I need to note here that I do not wax nostalgic in any way about the social, cultural or political Florida of my youth. The Florida of the 1950s and 60s was a seething caldron of racism, sexism and inveterate homophobia. With a handful of notable exceptions, our power holders rarely made us proud. And, as is always the case in major growth explosions complete with big demographic shifts - not the least of which was the arrival of thousands of Cuban refugees - no small amount of xenophobia and tribalism dominated Florida’s airwaves and newspapers in my days growing up here.

I remember well the attempts of Governor Claude Kirk to prevent integration of the Manatee County schools in 1970, a highly publicized move that gave rise to a ballot measure in 1972 opposing forced busing cast in segregationist sentiment. It passed widely throughout Florida. I can recall the moral panics aimed at LBGTQ Floridians that played out first in the witch hunts of the 1960s Johns Committee and later in the sad “Save Our Children” movement of the mid 70s led by a fading beauty queen, Anita Bryant, which overturned Miami’s first human rights ordinance. And I remember well the ubiquitous bumper stickers of the early 80s that read “Will the last American leaving Miami please bring the flag?”  

Sadly, the devolution of Florida to Fascista, the culture war driven expression of authoritarianism that now dominates our political discourse, educational systems, libraries and lawmaking, suggests to me that we Floridians have learned very little from our experience over my 70 years of life.

Still, I confess that I feel sad seeing the mom and pop joints along the beaches I loved as a child replaced by condos blocking access to the waterfront. And I mourn the small towns whose charming palm lined drives have been replaced by six lane highways jammed with traffic. But the deepest wound to my Florida soul is not in the loss of the small towns or quirky tourist attractions. It comes from the destruction of the land itself and its fauna and flora.

I do not delude myself to think that Florida can return to its primordial status in the wake of this tsunami of unplanned and unregulated growth. The damage has been done. I do wonder how many of the newcomers will stay once the climate change fueled super-hurricanes begin to wreck their homes and they cannot find an insurance policy to cover them, a reality already beginning to play out across our state. Even so, I do not wish them ill. I know what it feels like to lose your home to a hurricane. And I know what it is like to sit in a 50 mile traffic jam with thousands of one’s most intimate friends fleeing our coasts in the face of an approaching storm.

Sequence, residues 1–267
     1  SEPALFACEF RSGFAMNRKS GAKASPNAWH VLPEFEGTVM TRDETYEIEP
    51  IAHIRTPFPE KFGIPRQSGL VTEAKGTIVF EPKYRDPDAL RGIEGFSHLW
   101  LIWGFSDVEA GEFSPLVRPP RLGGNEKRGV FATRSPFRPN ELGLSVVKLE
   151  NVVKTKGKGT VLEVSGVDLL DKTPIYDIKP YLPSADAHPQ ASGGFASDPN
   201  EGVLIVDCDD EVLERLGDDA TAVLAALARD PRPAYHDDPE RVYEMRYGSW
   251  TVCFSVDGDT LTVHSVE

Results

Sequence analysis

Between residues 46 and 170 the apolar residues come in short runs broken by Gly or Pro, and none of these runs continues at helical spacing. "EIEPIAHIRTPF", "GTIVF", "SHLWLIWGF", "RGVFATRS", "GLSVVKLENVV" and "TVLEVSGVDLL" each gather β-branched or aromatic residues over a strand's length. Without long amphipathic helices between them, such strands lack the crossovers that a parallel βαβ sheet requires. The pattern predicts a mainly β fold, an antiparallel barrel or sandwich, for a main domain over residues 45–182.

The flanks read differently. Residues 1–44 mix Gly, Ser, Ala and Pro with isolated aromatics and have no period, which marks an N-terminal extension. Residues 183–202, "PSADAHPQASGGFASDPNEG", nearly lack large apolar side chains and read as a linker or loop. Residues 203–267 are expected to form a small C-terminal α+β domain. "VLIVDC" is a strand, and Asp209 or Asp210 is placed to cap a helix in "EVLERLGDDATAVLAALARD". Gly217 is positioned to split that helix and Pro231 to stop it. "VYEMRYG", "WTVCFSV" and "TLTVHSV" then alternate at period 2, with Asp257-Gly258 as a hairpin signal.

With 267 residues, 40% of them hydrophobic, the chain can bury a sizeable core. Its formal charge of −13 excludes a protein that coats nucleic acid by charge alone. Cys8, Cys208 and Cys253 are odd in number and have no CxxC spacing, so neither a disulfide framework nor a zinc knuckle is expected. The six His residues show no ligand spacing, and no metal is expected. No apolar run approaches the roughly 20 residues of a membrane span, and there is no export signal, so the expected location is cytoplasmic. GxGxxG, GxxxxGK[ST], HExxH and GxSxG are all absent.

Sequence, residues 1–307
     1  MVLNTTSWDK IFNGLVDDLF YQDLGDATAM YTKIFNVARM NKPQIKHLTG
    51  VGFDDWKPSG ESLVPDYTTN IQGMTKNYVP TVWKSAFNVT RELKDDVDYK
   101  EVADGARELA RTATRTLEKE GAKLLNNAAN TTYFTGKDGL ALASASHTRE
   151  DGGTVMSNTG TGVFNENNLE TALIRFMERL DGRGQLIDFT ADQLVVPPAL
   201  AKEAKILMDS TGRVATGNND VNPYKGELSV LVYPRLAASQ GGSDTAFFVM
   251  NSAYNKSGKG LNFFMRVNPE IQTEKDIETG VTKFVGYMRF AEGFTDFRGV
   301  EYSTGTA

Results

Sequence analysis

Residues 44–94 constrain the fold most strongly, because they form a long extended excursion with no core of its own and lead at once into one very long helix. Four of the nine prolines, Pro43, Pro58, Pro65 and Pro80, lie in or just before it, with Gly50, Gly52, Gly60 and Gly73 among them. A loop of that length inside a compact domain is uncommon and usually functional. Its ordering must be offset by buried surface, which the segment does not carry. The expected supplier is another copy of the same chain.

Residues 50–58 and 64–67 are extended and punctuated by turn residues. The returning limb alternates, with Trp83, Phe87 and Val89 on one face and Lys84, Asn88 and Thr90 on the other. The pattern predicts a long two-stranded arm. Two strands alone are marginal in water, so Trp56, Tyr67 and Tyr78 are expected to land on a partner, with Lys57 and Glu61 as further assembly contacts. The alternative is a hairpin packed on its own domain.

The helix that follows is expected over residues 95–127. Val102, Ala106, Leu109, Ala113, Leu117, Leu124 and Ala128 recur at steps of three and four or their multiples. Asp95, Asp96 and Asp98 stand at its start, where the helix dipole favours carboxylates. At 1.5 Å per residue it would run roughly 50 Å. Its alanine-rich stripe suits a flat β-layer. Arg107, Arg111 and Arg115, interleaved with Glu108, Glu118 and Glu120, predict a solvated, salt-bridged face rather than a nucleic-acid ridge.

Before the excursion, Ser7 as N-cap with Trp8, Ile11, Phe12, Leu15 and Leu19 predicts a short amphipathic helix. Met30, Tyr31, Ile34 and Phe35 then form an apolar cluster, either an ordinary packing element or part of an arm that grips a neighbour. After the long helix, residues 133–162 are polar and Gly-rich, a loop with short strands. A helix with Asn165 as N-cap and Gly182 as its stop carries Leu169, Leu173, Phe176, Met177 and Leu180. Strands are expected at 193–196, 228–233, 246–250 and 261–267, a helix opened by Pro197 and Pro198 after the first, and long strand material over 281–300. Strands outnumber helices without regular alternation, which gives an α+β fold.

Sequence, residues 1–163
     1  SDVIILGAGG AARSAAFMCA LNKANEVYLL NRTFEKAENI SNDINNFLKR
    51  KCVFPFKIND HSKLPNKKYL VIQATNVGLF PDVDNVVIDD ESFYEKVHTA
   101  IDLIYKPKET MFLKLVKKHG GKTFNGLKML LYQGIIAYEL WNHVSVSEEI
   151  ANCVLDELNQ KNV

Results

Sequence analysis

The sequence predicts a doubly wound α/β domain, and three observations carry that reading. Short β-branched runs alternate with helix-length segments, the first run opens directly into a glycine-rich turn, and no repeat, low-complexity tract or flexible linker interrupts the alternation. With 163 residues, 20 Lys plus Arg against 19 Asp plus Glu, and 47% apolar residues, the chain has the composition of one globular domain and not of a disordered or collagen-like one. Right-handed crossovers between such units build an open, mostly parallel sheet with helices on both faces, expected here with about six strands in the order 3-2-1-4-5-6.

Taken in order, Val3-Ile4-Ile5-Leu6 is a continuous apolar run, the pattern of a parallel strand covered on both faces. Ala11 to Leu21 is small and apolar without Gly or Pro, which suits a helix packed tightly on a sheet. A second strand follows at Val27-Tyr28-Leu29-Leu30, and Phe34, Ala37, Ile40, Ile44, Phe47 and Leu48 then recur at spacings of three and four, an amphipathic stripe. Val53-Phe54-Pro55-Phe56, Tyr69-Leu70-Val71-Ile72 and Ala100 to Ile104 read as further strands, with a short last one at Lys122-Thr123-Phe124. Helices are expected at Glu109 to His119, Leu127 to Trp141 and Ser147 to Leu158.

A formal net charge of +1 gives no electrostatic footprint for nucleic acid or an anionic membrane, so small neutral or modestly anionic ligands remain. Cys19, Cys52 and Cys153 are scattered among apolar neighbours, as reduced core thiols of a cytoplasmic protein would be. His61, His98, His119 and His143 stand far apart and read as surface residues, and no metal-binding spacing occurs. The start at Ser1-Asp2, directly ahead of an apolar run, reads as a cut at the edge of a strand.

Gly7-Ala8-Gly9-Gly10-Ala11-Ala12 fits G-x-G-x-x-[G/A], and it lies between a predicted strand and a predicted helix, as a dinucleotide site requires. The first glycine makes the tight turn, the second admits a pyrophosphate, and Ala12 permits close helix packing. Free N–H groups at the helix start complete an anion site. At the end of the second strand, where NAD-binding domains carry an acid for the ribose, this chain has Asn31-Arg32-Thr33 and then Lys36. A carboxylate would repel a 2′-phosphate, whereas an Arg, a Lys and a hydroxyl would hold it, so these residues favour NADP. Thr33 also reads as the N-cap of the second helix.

I do not wish that on anyone.

Our state must do a better job of regulating this avalanche of newcomers if we are to survive. It must insist that builders no longer be allowed to offshore the bill for the infrastructure required to host their customers onto Florida taxpayers and preserve green zones where building cannot occur. And it must find ways to fund the massive infrastructural improvements long overdue in this increasingly overcrowded state that has historically been prone to social irresponsibility. That means that a state with a long history of adolescent behavior must come to grips with its arrested development and assume its adult social responsibilities.

But I’m not holding my breath.

I know Eden is not returning. But we still have a chance to prevent an intractable urbanized cesspool before it is too late. While I have to admit that I do not expect that, I’m still hoping to be surprised.


 Harry Scott Coverston

 Orlando, Florida

 If the unexamined life is not worth living, surely an unexamined belief system, be it religious or political, is not worth holding. Most things worth considering do not come in sound bites.

Those who believe religion and politics aren't connected don't understand either. – Mahatma Gandhi

For what does G-d require of you but to do justice, and to love kindness, and to walk humbly with your G-d?  - Micah 6:8, Hebrew Scriptures

Do not be daunted by the enormity of the world's grief. Do justly, now. Love mercy, now. Walk humbly now. You are not obligated to complete the work, but neither are you free to abandon it. - Rabbi Rami Shapiro, Wisdom of the Jewish Sages (1993)

   © Harry Coverston, 2024


Sunday, March 10, 2024

A G-d Who Always Loved the World


“For God so loved the world….” (John 3:16)

John 3:16 is perhaps one of the most frequently quoted passages of scripture in the Christian Bible. We see it everywhere from the charcoal lettering under the eyes of quarterback Tim Tebow to billboards and bumper stickers. It has sometimes been called “the gospel in a nutshell,” summing up all of Christian theology. Of course, the Christian faith is far too diverse to be summed up in a sentence. But these verses do reveal the understandings of the community which produced John’s gospel.


An Inescapable Verse

 When I was a kid, this verse was inescapable. The Gideon Society regularly came to our schools bringing wooden rulers bearing this verse to distribute to students. As we drew geometric shapes for class projects, that verse stared us in the face.

At recess my Baptist classmates often sang a gospel hymn which stated: “